Additionally, those who chose to expand on their response to the censorship question provided some especially interesting quotes. Responses from those opposed to censorship range from things like “People need to stop being crybabies”, “Everything needs to be on the table”, “When you step off campus the world will not be censored for you”, and countless mentions of “free speech”. Meanwhile, responses from those who support moderation include that it is “basic humanity”, “Everyone should have the opportunity to feel happy and safe”, and the various adamant calls against “hate speech”. Altogether, this question appeared to have some of the strongest opinions, as could probably be expected from one of the most popular topics on campus (as well as in memes themselves).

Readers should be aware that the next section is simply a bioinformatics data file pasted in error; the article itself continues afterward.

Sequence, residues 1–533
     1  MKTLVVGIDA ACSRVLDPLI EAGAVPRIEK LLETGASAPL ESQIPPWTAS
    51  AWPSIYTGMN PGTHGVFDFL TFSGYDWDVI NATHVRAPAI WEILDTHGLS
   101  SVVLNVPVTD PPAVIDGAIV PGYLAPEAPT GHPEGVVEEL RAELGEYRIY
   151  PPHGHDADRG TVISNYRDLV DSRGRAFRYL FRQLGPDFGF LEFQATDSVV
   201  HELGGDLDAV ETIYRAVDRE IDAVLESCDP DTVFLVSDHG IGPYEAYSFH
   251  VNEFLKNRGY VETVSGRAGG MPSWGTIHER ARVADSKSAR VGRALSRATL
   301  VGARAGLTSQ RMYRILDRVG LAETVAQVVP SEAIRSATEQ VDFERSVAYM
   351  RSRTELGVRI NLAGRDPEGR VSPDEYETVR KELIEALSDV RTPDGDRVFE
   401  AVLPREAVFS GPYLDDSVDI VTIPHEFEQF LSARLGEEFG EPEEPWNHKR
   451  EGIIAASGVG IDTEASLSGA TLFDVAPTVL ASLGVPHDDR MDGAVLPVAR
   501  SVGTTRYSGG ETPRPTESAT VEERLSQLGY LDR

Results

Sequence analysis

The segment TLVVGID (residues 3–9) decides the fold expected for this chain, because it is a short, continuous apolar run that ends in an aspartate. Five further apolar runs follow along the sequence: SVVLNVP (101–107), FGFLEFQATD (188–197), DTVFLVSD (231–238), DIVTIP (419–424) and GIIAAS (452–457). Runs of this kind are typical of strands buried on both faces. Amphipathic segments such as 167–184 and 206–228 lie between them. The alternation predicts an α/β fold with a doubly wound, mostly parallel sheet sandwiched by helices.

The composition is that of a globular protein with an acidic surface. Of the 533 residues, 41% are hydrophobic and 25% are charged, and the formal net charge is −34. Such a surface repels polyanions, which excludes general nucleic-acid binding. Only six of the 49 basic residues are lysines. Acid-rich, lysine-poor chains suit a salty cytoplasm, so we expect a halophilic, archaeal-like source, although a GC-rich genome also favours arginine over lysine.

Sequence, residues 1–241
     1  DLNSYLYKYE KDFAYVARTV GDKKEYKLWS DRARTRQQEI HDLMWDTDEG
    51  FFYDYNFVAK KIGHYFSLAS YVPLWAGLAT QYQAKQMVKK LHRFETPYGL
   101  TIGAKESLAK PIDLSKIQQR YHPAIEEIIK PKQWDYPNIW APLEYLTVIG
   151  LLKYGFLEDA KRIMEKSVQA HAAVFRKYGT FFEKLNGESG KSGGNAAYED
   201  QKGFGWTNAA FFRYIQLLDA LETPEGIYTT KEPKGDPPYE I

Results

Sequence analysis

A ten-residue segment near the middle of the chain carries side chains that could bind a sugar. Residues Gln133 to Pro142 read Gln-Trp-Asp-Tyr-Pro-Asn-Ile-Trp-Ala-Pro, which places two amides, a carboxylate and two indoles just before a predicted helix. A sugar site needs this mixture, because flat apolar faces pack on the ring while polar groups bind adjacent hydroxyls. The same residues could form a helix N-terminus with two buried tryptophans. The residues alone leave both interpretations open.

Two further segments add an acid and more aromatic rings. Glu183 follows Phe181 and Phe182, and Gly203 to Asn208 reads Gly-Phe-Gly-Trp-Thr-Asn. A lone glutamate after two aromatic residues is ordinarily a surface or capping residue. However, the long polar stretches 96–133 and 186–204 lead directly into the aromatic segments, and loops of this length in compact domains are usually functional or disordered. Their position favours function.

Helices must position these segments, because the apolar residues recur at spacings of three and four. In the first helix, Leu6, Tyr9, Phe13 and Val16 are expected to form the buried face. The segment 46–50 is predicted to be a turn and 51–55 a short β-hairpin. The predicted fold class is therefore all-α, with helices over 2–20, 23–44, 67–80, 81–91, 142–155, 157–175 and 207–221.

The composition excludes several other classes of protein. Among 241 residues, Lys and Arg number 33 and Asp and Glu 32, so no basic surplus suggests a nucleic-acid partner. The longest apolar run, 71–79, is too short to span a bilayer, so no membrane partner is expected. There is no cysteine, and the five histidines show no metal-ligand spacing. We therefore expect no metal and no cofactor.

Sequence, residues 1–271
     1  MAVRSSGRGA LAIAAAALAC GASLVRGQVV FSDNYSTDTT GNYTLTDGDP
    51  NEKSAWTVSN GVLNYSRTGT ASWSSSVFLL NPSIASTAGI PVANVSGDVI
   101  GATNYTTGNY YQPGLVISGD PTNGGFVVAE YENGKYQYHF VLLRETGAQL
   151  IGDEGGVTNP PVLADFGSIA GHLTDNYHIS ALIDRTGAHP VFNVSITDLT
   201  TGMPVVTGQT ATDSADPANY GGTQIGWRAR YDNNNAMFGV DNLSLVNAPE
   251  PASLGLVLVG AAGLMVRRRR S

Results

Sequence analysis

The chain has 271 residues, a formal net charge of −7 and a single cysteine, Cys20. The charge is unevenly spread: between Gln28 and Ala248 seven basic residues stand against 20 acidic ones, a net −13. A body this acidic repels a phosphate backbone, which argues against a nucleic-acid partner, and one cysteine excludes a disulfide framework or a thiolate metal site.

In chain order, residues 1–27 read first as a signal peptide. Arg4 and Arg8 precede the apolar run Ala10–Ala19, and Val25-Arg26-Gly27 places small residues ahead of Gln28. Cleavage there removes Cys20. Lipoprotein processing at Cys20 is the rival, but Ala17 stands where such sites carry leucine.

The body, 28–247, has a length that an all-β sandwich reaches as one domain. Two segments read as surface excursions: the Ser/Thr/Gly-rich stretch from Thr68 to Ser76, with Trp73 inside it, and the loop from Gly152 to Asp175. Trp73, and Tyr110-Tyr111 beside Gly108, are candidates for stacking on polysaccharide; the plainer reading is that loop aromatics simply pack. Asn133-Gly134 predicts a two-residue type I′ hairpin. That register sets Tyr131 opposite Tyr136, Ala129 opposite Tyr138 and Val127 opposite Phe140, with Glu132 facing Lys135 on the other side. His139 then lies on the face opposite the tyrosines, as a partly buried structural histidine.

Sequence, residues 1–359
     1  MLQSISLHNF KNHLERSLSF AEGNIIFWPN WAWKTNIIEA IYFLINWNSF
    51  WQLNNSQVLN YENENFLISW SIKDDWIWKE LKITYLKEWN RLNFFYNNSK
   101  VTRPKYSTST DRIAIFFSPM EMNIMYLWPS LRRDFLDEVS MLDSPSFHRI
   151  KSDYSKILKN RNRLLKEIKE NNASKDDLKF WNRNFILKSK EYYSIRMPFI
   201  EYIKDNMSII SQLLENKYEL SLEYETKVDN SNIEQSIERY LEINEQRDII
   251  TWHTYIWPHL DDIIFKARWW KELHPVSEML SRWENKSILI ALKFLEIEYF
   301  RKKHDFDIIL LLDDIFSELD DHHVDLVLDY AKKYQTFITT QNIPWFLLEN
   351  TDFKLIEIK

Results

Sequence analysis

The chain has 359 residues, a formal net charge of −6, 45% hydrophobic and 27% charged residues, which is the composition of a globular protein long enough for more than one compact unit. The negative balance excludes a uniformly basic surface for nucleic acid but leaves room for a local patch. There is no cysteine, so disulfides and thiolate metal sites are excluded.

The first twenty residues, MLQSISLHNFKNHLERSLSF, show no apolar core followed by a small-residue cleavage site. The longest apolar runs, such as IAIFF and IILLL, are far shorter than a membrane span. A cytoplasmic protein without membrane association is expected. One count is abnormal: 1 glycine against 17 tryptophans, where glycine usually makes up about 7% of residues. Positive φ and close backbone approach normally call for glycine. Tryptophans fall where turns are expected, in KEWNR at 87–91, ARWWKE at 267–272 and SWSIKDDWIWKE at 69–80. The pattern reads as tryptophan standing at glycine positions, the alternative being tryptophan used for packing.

What kinds of things do people post about, and why?

The meme page is a reflection of the social scene at Tufts. Students post about anything and everything, from Tufts tuition hikes, the “Free Speech is Dead at Tufts” campaign, stereotypes about students with different majors, Greek Life, campus locations, and campus events. There are niche topics that gain a lot of popularity among certain groups, and topics that tend to unite the whole community. Polarizing posts, such as those that reference income inequality among students, tend to receive equal amounts of love and hate.

However, in the end, it appears that the majority of students prefer posts that are relevant to them and make a funny joke. Offensive and polarizing memes are largely rejected by the student body, but many admit to liking posts that align with their political beliefs. Many students also say that they will like their friends’ posts just because it’s their friend who posted it.

Long-Term Fate of TMFQQ